NZ on Screen: A history of vampires in NZ

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NZ On Screen Content Director Irene Gardiner takes a look back at some classic screen vampires to come out of NZ.

Taika Waititi, Jonathon Brugh and Jemaine Clement in What We Do in the Shadows.
Taika Waititi, Jonathon Brugh and Jemaine Clement in What We Do in the Shadows.

Taika Waititi and Jemaine Clement's new film What We Do in the Shadows opened in New Zealand cinemas yesterday. The feature-length mockumentary, about a group of vampires flatting together in modern day Wellington, has won praise at the Sundance Film Festival, and rave reviews here at home.

View the trailer for What We Do in the Shadows below:



But the What We Do in the Shadows gang are not New Zealand's first screen vampires. Until their arrival on the scene, our most loved Kiwi vampire was television's Count Homogenized, who scared and charmed a nation of 1980s kids.

Played by actor Russell Smith, the Count sported a white afro and cape and had an insatiable lust for, not blood, but milk.

Count Homogenized began his life in a late 1970s children's series called A Haunting We Will Go.

NZ On Screen has both the original pilot episode of the series, and its official episode one.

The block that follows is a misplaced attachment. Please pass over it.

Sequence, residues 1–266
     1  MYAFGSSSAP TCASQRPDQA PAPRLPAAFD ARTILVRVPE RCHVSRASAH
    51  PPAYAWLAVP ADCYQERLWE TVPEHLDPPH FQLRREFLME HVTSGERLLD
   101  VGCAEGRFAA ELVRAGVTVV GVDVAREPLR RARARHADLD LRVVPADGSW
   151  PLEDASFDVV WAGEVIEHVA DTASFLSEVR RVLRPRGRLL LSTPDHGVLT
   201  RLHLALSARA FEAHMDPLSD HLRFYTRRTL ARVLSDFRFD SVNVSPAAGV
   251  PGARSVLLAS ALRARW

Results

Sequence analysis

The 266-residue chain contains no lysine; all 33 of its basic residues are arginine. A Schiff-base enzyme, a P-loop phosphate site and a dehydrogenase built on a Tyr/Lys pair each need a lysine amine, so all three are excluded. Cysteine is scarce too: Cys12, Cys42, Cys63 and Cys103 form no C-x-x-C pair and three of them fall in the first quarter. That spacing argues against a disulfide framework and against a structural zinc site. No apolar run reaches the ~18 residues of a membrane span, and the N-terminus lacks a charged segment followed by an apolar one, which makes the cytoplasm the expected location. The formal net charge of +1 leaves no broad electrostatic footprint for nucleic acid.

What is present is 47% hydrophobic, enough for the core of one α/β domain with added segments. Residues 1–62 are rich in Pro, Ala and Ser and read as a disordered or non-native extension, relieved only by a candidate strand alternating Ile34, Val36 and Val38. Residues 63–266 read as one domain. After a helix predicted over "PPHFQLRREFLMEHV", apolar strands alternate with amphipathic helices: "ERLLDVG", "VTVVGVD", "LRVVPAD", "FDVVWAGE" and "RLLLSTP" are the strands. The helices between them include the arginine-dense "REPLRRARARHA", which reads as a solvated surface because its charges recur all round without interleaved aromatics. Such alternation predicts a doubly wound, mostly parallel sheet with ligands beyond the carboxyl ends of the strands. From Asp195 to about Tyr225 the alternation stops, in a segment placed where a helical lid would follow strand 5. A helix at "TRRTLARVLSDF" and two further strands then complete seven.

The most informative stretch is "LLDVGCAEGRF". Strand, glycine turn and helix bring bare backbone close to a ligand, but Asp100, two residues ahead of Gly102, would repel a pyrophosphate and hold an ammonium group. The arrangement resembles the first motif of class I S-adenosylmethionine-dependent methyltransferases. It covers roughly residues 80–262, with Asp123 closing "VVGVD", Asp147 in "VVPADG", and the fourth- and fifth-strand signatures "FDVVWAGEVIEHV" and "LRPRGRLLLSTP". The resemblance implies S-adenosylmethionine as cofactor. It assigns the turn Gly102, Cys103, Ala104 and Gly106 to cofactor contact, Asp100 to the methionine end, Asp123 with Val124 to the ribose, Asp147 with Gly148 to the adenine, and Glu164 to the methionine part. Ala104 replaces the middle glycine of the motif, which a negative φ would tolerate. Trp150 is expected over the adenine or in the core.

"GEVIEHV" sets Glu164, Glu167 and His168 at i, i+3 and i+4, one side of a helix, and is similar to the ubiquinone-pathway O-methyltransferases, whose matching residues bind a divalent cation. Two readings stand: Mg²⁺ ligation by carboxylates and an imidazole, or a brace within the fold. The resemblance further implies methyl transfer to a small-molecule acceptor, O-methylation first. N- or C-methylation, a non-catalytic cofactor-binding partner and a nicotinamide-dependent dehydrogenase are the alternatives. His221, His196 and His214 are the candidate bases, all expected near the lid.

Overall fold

A Haunting We Will Go - Pilot Episode

A Haunting We Will Go - Cellar Ghost

Three years later, the Count had become the break-out star of A Haunting We Will Go and was deemed worthy of his own series - It is I Count Homogenized.

Check out episode one here:

It is I Count Homogenized - Episode One

In the early 1990s, New Zealand horror film director David Blyth (Angel Mine, Death Warmed Up) moved into the world of vampires, with the (for Blyth) surprisingly family friendly Grampire, starring American actor Al Lewis (Grandpa on The Munsters). Released in 1992, the film was called Moonrise internationally.

You can see excerpts here:



Pre-dating What We Do in the Shadows by eight years, was another NZ vampire movie that attracted some international interest. Writer/director Glenn Standring's second feature Perfect Creature was released in 2006, and starred Hollywood imports Dougray Scott and Saffron Burrows.

You can see the trailer and an excerpt from the film here:



Funnily enough, the other screen vampire hiding out on NZ On Screen is also played by Taika Waititi. His name is Diego, he is 200 years old, and he makes a couple of fleeting appearances in this profile of Waititi from a 2004 episode of the TV arts series The Living Room. Diego is one of the comic characters in a live comedy show Waititi is performing at the time. Check out part one of the programme for the Waititi piece - it's a fascinating look at where this talented filmmaker and performer was heading. His potential was pretty obvious even 10 years ago.

Watch here:



- NZ Herald

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